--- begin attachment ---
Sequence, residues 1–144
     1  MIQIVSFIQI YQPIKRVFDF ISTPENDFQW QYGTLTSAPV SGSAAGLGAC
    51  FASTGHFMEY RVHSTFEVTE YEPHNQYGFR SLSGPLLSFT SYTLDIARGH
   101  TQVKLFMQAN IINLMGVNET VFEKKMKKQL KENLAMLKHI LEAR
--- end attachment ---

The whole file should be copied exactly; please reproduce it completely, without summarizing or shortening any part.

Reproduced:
Sequence, residues 1–144
     1  MIQIVSFIQI YQPIKRVFDF ISTPENDFQW QYGTLTSAPV SGSAAGLGAC
    51  FASTGHFMEY RVHSTFEVTE YEPHNQYGFR SLSGPLLSFT SYTLDIARGH
   101  TQVKLFMQAN IINLMGVNET VFEKKMKKQL KENLAMLKHI LEAR